The Malacologist | The Malacological Society of London The Malacological Society of London The Malacologist

Volume 51

News & Correspondence

Member's access rights at UCL Library

The Radley book collection bequeathed to The Society in 1929 is housed in the library of University College London. By an agreement currently being negotiated between the library and The Society, members of the Malacological Society of London will be able to borrow five books at any one time, visit Special Collections (by appointment) and use 'Walk-In' access machines for on-site access to much of the library's e-resources. The library will hold a list of members' names (title, given and family names). This list will be forwarded to the library unless objections are received by the membership secretary, Dr Richard Cook, in which case that member's name will be withheld. No access will be possible for that member.

Information on the Radley collection is on The Society's website - click on library.

Freshwater gastropod diversity review

The 4000 or so described freshwater gastropods comprise about 5% of gastropods, but 20% of known gastropod extinctions. Ancient oligotrophic lakes like Baikal, Ohrid and Tangganyika are key biodiversity hotspots but lower river valleys like the Mekong, Congo and Mobile Bay are also noteworthy. The most speciose assemblages of freshwater gastropods are in small strams, springs and groundwaters, where they are under thresat from unsustainable abstraction, landscape modification and damage by livestock.

Strong, Ellen et al. 2008 Hydrobiologia 595: 149-166.


Abstracts of 1998 World Congress of Malacology

The complete abstracts are available on the Unitas website. See

Education Awards - spread the word!

Annually, The Society awards three prizes of 200 each to schools which have undertaken a project on molluscs. Council would like to encourage readers of The Malacologist to spread the word about these to teachers, parents and pupils of both primary and secondary schools in the UK. The next round of awards will be made in Spring 2009. Further information about the awards can be obtained from the back page and page 27 of this issue or from The Society's website:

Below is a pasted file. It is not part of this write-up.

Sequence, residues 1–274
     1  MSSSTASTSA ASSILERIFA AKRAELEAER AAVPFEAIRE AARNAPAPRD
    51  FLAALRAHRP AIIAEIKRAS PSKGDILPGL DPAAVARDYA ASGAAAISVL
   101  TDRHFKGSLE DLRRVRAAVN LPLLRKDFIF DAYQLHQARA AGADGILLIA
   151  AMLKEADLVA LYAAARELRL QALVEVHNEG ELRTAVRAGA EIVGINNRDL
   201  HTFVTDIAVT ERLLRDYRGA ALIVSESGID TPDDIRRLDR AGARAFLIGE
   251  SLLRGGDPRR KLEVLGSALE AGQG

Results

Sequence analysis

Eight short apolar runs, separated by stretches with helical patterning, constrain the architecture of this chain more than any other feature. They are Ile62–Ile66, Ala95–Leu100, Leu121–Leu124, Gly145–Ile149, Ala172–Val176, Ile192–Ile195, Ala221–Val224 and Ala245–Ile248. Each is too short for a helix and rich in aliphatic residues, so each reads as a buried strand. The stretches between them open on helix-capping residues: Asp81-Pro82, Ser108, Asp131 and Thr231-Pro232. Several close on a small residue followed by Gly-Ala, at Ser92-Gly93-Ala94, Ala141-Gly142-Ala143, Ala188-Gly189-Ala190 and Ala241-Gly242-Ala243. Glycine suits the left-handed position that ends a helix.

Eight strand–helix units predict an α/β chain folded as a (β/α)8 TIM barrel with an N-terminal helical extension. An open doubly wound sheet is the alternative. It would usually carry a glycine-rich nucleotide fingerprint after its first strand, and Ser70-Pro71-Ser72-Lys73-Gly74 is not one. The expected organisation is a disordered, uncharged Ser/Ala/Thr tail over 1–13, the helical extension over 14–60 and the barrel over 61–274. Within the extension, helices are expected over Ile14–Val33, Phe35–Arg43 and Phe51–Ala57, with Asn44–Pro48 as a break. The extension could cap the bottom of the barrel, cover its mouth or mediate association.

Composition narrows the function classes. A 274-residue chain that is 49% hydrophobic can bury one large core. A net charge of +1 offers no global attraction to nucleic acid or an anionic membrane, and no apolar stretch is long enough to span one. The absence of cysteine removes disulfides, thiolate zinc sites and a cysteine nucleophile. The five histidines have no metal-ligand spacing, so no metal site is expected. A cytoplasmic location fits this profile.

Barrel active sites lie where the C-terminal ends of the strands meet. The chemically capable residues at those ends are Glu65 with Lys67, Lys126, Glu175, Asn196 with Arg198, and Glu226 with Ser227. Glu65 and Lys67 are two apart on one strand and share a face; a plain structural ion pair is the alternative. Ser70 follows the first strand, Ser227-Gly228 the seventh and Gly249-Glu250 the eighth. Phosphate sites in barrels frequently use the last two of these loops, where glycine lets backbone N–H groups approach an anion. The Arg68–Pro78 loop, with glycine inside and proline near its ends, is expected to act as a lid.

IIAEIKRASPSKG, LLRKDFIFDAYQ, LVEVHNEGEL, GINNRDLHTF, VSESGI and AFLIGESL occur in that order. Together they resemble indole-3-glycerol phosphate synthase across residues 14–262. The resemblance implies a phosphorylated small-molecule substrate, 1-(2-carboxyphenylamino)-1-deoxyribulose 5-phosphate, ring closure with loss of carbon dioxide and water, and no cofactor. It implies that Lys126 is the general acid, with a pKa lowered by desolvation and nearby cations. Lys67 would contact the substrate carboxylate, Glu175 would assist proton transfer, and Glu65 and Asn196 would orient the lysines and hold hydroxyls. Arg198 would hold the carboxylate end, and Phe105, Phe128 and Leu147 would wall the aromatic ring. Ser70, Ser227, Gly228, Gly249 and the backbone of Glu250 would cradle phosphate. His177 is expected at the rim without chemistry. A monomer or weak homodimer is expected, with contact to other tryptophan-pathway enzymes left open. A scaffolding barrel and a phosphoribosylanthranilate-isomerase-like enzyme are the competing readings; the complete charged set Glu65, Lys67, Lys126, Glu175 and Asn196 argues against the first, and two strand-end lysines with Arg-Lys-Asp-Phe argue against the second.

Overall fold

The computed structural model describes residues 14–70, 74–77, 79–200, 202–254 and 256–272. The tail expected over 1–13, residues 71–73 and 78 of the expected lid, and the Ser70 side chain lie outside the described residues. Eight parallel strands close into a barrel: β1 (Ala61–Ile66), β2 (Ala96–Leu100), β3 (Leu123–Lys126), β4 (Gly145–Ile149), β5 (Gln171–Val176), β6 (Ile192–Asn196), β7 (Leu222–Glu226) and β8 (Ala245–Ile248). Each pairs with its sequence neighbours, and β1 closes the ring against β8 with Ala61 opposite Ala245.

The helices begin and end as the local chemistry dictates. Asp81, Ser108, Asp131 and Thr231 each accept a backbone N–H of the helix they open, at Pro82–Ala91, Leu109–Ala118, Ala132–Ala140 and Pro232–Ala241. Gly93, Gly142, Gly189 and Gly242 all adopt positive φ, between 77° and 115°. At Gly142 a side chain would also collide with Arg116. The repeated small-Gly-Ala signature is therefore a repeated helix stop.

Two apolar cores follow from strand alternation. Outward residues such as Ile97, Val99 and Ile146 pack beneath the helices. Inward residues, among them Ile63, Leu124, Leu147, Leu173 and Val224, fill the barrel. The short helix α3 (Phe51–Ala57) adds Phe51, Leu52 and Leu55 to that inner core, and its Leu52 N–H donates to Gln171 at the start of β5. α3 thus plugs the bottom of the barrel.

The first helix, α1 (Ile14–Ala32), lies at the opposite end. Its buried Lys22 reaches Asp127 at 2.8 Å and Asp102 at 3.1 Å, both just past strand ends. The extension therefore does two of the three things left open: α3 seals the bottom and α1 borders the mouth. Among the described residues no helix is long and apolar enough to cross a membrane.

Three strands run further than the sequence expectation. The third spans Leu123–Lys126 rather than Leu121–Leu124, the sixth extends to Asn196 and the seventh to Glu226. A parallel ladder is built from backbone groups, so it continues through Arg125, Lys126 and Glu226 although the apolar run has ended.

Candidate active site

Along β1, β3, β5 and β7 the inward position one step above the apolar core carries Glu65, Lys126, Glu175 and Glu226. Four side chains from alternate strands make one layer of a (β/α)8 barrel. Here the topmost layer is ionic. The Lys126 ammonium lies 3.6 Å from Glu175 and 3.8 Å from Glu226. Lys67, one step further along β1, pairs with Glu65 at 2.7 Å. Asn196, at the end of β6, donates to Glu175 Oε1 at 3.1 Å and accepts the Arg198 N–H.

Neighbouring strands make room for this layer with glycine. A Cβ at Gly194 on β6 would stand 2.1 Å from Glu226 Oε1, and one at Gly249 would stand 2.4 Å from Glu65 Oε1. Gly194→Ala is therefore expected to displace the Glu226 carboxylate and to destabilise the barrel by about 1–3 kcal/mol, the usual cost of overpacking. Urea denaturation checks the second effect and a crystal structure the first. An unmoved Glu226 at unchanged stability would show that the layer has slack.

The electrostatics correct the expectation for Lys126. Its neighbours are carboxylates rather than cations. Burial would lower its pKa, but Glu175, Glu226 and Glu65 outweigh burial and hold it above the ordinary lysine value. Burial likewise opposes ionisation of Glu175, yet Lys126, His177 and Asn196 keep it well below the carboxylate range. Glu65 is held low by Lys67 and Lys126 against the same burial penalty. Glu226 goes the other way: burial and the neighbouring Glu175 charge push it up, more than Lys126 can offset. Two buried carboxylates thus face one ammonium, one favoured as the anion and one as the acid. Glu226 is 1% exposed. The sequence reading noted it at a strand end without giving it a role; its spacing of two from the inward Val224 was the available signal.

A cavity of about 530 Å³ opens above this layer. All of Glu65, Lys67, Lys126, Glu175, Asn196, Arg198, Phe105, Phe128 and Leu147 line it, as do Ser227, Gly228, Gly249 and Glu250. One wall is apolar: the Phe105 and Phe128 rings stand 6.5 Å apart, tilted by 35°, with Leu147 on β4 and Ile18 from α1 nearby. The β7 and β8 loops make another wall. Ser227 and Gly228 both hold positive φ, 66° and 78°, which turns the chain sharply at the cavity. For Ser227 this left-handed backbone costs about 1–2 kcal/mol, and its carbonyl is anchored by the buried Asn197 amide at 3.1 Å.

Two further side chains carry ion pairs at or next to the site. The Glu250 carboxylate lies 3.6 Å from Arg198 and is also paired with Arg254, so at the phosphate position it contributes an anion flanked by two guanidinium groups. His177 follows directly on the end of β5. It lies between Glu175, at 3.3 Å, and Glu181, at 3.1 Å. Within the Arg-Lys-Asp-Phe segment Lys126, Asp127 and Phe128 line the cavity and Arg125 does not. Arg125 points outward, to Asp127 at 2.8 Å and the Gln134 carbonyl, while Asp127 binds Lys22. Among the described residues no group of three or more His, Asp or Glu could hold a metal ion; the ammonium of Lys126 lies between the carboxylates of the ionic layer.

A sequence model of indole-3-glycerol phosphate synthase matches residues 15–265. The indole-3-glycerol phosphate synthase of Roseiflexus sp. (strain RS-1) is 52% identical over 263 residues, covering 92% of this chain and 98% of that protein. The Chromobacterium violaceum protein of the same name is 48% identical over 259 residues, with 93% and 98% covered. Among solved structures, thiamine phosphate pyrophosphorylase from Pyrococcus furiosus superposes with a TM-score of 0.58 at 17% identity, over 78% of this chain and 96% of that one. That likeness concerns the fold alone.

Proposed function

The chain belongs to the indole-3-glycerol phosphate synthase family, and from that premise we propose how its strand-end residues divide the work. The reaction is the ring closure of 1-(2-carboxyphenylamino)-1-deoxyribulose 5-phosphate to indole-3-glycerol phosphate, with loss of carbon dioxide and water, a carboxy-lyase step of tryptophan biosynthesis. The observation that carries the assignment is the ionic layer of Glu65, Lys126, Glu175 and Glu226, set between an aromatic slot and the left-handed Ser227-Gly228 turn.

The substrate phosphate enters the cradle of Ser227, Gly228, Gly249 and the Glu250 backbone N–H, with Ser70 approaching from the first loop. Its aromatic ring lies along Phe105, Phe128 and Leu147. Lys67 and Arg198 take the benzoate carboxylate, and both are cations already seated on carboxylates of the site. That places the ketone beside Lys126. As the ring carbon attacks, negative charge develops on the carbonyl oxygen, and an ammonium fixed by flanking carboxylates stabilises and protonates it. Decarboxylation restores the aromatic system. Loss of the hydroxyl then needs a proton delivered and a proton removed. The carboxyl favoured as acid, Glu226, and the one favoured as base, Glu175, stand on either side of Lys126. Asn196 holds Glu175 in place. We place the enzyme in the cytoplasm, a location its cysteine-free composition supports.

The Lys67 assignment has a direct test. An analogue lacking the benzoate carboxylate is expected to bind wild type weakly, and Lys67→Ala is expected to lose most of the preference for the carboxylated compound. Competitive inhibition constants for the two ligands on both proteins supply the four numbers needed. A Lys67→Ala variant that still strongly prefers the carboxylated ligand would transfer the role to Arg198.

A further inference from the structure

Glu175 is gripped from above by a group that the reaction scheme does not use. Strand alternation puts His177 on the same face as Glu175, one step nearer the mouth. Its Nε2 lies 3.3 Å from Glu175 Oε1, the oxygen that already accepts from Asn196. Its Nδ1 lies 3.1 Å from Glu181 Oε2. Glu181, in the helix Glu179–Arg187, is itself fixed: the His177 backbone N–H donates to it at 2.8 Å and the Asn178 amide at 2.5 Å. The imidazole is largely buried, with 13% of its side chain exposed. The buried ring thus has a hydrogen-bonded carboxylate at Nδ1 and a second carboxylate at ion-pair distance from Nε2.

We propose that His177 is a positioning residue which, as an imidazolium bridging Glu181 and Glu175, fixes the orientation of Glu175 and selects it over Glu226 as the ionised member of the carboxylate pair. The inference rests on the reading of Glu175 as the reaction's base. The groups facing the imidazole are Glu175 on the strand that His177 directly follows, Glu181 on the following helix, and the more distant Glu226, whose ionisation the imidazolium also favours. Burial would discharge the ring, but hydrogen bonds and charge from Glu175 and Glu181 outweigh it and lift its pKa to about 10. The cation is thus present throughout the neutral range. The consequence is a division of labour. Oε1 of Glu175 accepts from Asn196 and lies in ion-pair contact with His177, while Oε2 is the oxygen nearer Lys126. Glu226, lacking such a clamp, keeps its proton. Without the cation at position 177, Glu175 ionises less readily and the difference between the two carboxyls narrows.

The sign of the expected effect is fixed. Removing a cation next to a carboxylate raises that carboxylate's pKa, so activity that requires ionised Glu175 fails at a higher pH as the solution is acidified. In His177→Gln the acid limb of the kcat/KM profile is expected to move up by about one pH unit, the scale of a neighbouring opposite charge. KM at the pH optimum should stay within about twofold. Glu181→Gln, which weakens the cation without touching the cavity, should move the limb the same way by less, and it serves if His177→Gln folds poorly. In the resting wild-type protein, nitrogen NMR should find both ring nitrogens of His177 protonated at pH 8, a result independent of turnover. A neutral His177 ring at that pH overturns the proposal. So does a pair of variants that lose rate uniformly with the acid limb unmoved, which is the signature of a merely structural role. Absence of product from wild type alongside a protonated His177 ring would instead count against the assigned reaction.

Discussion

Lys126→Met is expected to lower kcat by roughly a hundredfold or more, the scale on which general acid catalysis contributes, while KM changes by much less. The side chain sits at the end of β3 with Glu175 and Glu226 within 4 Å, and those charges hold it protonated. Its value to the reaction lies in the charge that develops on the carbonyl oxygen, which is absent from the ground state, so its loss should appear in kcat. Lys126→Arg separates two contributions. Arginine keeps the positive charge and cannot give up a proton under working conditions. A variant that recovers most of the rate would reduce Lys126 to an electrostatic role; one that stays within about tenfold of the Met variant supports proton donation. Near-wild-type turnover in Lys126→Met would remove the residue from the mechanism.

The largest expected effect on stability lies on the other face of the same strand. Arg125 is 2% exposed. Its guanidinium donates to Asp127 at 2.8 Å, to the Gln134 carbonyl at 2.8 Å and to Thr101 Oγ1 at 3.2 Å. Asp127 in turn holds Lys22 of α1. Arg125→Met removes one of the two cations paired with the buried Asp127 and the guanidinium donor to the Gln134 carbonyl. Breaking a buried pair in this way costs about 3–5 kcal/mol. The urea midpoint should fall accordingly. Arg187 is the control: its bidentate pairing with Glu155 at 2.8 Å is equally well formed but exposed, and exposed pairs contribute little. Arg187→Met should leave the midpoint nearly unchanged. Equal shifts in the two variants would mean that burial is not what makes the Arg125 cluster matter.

A stem group chiton from early Cambrian?

Microscopic teeth isolated from the early Cambrian Mahto Formation, Alberta, Canada, arecomponents of a radula, the oldest on record. Associated pock-marked cuticular fragments are interpreted as having supported multiple biomineralized sclerites/spines in the manner of a modern chiton girdle. If the cuticle and radula derive from the same species, there is a strong case for identifying this fossil as an aculiferan (aplacophoran + polyplacophora) mollusc, possibly a stem-group chiton.

Butterfield N.J., 2008. Journal of Paleontology 82(3): 543-554


Cone snail genome project for health

This project is an 8m EU-fuded project involving 13 countries to study cone snails, isolate their toxins and exploit them to make drugs for treating stroke victims, painkillers, controlling the effects of diabetes, and new anti-microbial agents. The project is co-ordinated by Dr RetoStocklin at the Atheris Labs in Geneva.Ziconotide, developed at the University of Utah, is a synthetic form of the venom of Conus magus. It is 1000 times more potent than morphine but is not addictive, and blocks calcium channels on nerves that transmit pain signals.


Male reproductive success in Crepidula

In species where polyandry occurs, reproductive success can be quantified only by determining paternity of offspring. Microsatellite loci were employed to establish paternity for 12 families of Crepidula fornicata where a family is defined as a single female, her brood, and the males stacked on top of her. Genetic data were analyzed and paternity was assigned to a single potential father for more than 83% of the offspring tested. One male within the family fathered the majority of offspring and he was usually the largest male and the one closest to the brooding female. The dominant male's success tended to decrease as the number of mature males within the family increased.

Proestou D.A. et al., 2008: Biol Bull 214(2): 192-200.


Prior selfing in an hermaphrodite snail

Inbreeding hermaphrodites practising copulation show few copulations, no waiting time (the time that an isolated individual waits for a partner before initiating reproduction compared with paired individuals) and limited inbreeding (self-fertilization) depression. An experiment conducted under laboratory conditions over two generations (G(1) and G(2)) used 100 freshwater snails, Biomphalaria pfeifferi, from each of two populations. G(1) individuals were either isolated or paired once a week (potentially allowing for crosses), and monitored during 29 weeks for growth, fecundity and survival. On the whole, the self-fertilization depression was extremely low in both populations. Paired G(1) individuals began laying (selfed) eggs several weeks prior to initiating copulation: this is the first characterization of prior selfing (selfing initiated prior to any outcrossing) in a hermaphroditic animal.